Architect Francesca Perani has transformed the porch of an Italian villa into a 25-square-metre micro-apartment suitable for self-isolation with plenty of hidden storage.
Designed for a local couple, Urban Cabin replaces the porch of a house in Albino, a small town in the Italian province of Bergamo.
Perani's renovation, completed with the help of interior designer Ilenia Perlotti, turns the former storage space into a separate, self-contained residence that can be used for a number of purposes.
The clients can use it as a workspace, invite guests to stay or, one day, let their grown-up children move in. Recently, because of the coronavirus crisis, one of the pair has been using it as a self-isolation space.
To suit all these purposes, the designers planned the micro-apartment to be as flexible as possible, with plenty of storage. But they also designed it to have a sense of fun, filled with graphical shapes and vibrant colours.
"I am very interested in experimenting and pushing myself towards risky options," explained Perani.
"I believe can make spaces more emotionally involving," she told Dezeen. "Since the beginning of my practice, I have always battled against straight lines and the minimalist approach. I am curious about exploring a pop architecture."
Perani worked on the renovation of the main house back in 2008. Externally, this new addition is designed in the same spirit, with a red earth-coloured facade and details that reference the clients' Persian heritage.
Folded sheets of perforated metal create a series of arches in front of the home, acting a sun shade. This made it possible for Perani to design large windows, even though the home faces directly south.
Inside, the layout is kept open to make it feel spacious. Apart from the bathroom, all activities take place in a single room.
The open-plan living space includes a distinct kitchen, along with various multifunctional furniture pieces. Storage areas are slotted in and around these elements, to make the most of space.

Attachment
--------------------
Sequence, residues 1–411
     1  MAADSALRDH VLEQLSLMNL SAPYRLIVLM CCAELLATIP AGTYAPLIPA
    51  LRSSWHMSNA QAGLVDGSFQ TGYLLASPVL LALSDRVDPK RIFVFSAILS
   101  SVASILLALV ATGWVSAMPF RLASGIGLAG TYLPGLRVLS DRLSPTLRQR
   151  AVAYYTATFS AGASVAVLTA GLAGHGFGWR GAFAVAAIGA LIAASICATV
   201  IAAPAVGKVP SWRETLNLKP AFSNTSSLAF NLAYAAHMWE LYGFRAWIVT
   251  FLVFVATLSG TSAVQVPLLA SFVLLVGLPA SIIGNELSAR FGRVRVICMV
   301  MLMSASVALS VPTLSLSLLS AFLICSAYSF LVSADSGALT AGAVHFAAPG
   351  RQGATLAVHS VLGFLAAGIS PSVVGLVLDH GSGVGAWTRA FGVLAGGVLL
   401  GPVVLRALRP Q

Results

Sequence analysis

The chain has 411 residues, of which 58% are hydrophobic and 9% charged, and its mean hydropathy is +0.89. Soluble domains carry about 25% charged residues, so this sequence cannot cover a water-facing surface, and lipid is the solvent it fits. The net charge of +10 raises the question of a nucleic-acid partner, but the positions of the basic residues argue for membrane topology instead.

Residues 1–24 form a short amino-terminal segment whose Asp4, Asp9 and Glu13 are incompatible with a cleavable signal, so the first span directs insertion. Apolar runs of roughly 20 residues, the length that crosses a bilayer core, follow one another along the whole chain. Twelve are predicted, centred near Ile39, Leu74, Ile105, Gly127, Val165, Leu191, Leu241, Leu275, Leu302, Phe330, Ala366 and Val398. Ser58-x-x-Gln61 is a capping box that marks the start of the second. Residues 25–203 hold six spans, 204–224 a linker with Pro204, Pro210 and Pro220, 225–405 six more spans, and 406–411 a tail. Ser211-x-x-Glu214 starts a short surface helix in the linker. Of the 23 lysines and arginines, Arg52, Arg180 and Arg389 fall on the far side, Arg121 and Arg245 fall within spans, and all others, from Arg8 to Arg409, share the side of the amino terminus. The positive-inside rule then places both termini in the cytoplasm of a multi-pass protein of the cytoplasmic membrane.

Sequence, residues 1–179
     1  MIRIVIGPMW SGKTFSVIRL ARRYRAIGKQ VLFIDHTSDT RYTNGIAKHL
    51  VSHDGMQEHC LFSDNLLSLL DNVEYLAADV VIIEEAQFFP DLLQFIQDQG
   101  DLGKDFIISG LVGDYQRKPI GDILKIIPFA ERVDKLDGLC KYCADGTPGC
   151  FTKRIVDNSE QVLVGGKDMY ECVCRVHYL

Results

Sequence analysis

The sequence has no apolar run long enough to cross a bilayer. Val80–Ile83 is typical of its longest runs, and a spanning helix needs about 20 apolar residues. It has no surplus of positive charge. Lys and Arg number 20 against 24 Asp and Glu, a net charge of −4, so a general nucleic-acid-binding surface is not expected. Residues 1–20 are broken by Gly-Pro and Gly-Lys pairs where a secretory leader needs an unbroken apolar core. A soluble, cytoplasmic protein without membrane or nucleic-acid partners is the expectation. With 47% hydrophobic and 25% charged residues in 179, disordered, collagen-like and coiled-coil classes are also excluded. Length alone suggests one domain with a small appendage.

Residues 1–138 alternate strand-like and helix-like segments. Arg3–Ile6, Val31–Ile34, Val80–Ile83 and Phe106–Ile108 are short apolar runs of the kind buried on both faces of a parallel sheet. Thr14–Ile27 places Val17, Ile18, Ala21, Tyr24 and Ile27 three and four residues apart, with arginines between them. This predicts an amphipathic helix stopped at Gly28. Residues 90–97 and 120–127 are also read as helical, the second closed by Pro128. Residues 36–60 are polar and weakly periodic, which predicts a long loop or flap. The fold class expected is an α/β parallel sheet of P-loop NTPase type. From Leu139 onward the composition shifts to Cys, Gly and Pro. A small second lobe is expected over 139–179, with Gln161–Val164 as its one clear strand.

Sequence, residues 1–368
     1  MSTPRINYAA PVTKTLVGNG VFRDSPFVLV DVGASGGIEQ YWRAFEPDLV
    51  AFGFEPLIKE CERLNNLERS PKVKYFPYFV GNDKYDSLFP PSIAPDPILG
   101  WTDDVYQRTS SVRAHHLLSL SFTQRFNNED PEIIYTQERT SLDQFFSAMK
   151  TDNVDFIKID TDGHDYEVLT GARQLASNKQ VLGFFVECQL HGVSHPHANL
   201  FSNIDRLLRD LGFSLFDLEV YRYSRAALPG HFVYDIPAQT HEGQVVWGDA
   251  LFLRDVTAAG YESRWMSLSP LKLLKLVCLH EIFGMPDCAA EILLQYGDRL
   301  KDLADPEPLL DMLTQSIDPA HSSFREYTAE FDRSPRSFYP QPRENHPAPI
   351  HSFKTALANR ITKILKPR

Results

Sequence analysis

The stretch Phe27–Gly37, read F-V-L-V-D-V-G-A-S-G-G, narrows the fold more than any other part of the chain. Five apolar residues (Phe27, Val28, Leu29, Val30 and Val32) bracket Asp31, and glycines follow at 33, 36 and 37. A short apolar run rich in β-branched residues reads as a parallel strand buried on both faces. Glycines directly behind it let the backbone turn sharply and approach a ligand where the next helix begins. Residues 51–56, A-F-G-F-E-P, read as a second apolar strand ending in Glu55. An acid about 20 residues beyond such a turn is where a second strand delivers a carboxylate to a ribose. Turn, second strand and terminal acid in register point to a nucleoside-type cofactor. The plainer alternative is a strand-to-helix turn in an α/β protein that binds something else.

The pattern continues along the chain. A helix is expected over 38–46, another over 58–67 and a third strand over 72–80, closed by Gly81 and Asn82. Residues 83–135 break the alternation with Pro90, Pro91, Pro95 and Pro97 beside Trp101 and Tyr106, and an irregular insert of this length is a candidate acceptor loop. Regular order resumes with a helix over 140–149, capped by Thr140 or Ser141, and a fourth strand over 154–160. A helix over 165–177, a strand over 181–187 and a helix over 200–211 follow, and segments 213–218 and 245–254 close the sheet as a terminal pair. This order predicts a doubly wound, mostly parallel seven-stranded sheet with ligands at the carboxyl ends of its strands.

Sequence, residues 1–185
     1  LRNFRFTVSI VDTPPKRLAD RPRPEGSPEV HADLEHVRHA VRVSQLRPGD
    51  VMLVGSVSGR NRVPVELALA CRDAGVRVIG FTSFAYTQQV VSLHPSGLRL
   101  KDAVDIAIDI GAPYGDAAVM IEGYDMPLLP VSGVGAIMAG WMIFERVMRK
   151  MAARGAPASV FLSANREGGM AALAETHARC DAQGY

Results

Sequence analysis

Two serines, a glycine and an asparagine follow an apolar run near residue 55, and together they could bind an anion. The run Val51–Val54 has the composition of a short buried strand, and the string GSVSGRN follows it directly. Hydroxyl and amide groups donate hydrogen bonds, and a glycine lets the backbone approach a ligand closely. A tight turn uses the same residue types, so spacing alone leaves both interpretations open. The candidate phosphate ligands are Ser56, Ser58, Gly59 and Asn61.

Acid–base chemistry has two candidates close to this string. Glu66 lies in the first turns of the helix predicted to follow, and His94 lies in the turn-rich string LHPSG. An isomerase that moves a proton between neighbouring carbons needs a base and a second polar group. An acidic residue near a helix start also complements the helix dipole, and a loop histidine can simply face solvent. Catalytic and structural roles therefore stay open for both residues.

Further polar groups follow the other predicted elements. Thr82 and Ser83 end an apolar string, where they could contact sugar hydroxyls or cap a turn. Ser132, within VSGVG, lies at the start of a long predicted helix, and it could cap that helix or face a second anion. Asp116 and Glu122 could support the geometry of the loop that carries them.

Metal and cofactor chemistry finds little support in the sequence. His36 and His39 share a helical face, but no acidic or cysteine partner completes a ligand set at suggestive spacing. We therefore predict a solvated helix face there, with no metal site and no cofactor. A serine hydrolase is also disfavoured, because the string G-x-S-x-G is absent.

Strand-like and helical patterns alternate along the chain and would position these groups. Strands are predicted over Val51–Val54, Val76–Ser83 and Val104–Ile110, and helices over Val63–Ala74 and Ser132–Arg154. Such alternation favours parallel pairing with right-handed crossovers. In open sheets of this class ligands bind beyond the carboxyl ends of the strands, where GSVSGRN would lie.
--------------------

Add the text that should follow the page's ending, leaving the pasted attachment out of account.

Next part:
"The limited dimensions and extreme narrowness of the existing building suggested a full custom-designed interior, where flexibility and multi-usage became key factors," explained Perani.
"Diagonal lines are deliberately used in order to deliver more functionality and movement."
Surfaces and objects in this space are built from oriented strand board, or OSB, a type of engineered board featuring large wood strands. This includes window boxes that double as seats and a long daybed/storage chest.
There are also wardrobes beside the entrance, which conceal the heating system and washing machine, but also accommodate a study desk.
"I wanted to give the space a sense of warm comfort," said Perani. "I wanted a fluid continuous pattern that could make the space feel bigger, one texture for floor, paving, walls and soffit."
"I have always seen OSB used on building sites and I love its textural irregularity, random organic composure and recycled properties," she added.
Details are picked out in royal blue, the same colour used in the bathroom, while the kitchen worktop features a monochrome print designed to resemble marble.
Despite the home's small size, the bathroom is designed to feel generous. A window fronts the shower, so that residents can look out over the garden but without fear of losing their privacy.
As well as being an architect, Perani is also a graphic designer and an activist.
Photography is by the architect, with styling by Chiara Birolini.
Project leader: Francesca Perani
Interior designer: Ilenia Perlotti
Junior architect: Ilaria Odoli
Engineer: Roberto Belotti
Heat engineer: Luca Noris – Progterm
Builder: Gherardi Giuseppe
Metal shadings: Valoti Giovanni
Decorator: Diego Armellini
Lighting: Due Effe Illuminazione